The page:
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Hopscotch on the cheap 

Que viva el rocanroll: Reese McHenry joins the Spider Bags at Churchkey’s free 2012 Hopscotch day party, which returns to Slim’s this year.

File photo by Jeremy M. Lange

Que viva el rocanroll: Reese McHenry joins the Spider Bags at Churchkey’s free 2012 Hopscotch day party, which returns to Slim’s this year.

Let's face it: Like most festivals, Hopscotch ain't cheap, and many of us aren't in a position to pony up $85 for a day pass or $150 for a weekend wristband.

Fortunately, even as the size of Hopscotch has fluctuated over the years, the amount of free day parties—a few running concurrently with the actual festival—continues to bloom; at last count, nearly 200 acts were slated to perform, some for multiple sets and many that are part of the official lineup. If you're willing to skip out of work early and have the patience for the constantly shifting set times of the day party scene—social media is your friend here—you can put together a nice little festival experience for next to nothing, perhaps even scoring some free food and drink along the way.

For those that favor simplicity, plant yourself at Slim's whenever possible and thank me later. Perpetually packed during Hopscotch, the Wilmington Street dive sprawls out onto the back patio to provide two alternating stages by day, hosting some of the best bands and bartenders in town. Repeat events fill this year's slate: PotLuck acts like Schooner and Wichita Falls fill the bill for Thursday's pizza party, while Ava Luna and The Charming Youngsters highlight the third iteration of Spazzscotch on Saturday. Sunday's annual Hopscotch Hangover brings heavyweights like The Vibekillers and Hammer No More The Fingers, but ¡Que Viva! 2014—presented Friday by Churchkey Records and The Layabout—is likely to continue its reign as king of all day parties. Locals Gross Ghost and Pipe join out-of-towners The Everymen, Las Rosas and Scully, all fitting Churchkey's raw aesthetic. Boozy, twangy rockers Spider Bags are reason enough to go, as they'll have the room shaking in at least two ways.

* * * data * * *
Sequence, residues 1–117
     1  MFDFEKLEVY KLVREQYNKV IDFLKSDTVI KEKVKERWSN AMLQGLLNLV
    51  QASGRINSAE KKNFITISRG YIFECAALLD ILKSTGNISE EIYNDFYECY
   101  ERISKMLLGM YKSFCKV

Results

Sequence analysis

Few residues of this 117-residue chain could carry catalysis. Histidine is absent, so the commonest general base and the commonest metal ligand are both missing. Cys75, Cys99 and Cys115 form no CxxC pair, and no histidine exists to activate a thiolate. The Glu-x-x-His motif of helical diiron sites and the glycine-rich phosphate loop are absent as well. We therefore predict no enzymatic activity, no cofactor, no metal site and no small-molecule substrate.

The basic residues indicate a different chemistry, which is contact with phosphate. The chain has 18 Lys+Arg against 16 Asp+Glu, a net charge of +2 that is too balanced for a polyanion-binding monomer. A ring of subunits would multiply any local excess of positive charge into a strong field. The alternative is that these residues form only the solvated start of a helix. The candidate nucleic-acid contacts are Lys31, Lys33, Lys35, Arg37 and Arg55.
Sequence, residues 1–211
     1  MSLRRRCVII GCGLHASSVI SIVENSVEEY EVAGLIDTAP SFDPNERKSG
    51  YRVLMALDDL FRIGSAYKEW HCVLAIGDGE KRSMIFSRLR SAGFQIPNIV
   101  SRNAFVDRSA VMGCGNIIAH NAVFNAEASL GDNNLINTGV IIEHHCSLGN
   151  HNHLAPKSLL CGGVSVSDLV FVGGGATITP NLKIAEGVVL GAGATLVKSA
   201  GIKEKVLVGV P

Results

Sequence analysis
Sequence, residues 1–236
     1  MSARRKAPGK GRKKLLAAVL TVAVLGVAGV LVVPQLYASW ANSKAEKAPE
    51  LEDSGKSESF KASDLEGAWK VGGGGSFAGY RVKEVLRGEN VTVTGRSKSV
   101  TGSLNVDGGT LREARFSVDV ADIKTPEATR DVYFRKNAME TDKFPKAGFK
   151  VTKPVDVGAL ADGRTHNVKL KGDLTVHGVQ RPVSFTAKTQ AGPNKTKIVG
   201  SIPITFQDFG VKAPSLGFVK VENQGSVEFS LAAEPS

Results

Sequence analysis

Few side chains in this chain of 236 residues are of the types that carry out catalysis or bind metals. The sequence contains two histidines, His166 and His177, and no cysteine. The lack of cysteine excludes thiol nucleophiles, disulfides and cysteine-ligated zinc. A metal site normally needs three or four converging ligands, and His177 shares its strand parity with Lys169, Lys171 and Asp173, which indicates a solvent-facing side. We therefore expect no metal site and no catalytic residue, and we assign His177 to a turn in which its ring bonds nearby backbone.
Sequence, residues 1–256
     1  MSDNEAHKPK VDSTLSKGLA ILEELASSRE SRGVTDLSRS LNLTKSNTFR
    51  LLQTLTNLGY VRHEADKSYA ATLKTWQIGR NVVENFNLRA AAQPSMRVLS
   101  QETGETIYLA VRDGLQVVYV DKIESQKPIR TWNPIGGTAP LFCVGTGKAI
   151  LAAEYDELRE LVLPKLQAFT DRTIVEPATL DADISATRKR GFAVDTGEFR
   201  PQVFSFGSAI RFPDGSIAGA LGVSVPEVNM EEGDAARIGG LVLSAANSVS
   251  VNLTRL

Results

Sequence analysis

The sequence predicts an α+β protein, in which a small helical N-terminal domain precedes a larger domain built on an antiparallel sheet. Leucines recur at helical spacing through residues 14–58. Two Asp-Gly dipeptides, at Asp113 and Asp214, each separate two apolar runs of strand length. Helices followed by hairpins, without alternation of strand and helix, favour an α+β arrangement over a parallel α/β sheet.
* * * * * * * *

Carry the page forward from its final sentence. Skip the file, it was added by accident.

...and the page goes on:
If you're willing to be adventurous and search out your cheap thrills, pop into Kings on Friday for Three Lobed Recordings and WXDU's carefully curated show, marked by debuts, one-offs and exclusive collaborations from experimental artists. Steve Gunn, William Tyler and Letha Rodman Melchior joins all of Yo La Tengo to form the intriguing Little Black Egg Big Band, while Thurston Moore joins harpist Mary Lattimore for a set.

Friday also finds Amigo's hook-ridden country-rock and Old Quarter's cosmic outlaw tales highlighting the Cardinal Collective's strong Americana showing at Crank Arm Brewery. The Pour House hosts Younger Brothers Productions' indie rock variety pack, including Ghostt Bllonde, Eston & The Outs and Hammer No More The Fingers.

Saturday, Fayetteville Street pulls double duty, as a free, four-bout, pro-wrestling card at 2 p.m. precedes City Plaza's ticketed main event. A slew of mostly punk-influenced outfits such as Hot Dolphin and Totally Slow hold court on stages at Legends Nightclub for Let Feedback Ring. The Warehouse District's Babes in Boyland benefits Girls Rock NC with a foodie paradise and sets from Ex Hex, The Tender Fruit and others.

With most of the city's venues tied up by nightfall for the festival proper, your evening entertainment will require some creativity. A short drive to Durham might be worth considering for Thursday night's set by local Americana juggernaut Chatham County Line, while First Friday coinciding with night two of Hopscotch should provide plenty to see and do in Raleigh. Saturday's best bet is Berkeley Café's day-party after-party, with local roots big-wigs Tonk, Michael Rank & Stag and John Howie Jr. & The Rosewood Bluff. Made it to Sunday night with energy to spare? The wild and wooly Whatever Brains previews its upcoming record at Slim's.

  • Hearing the festival on a budget

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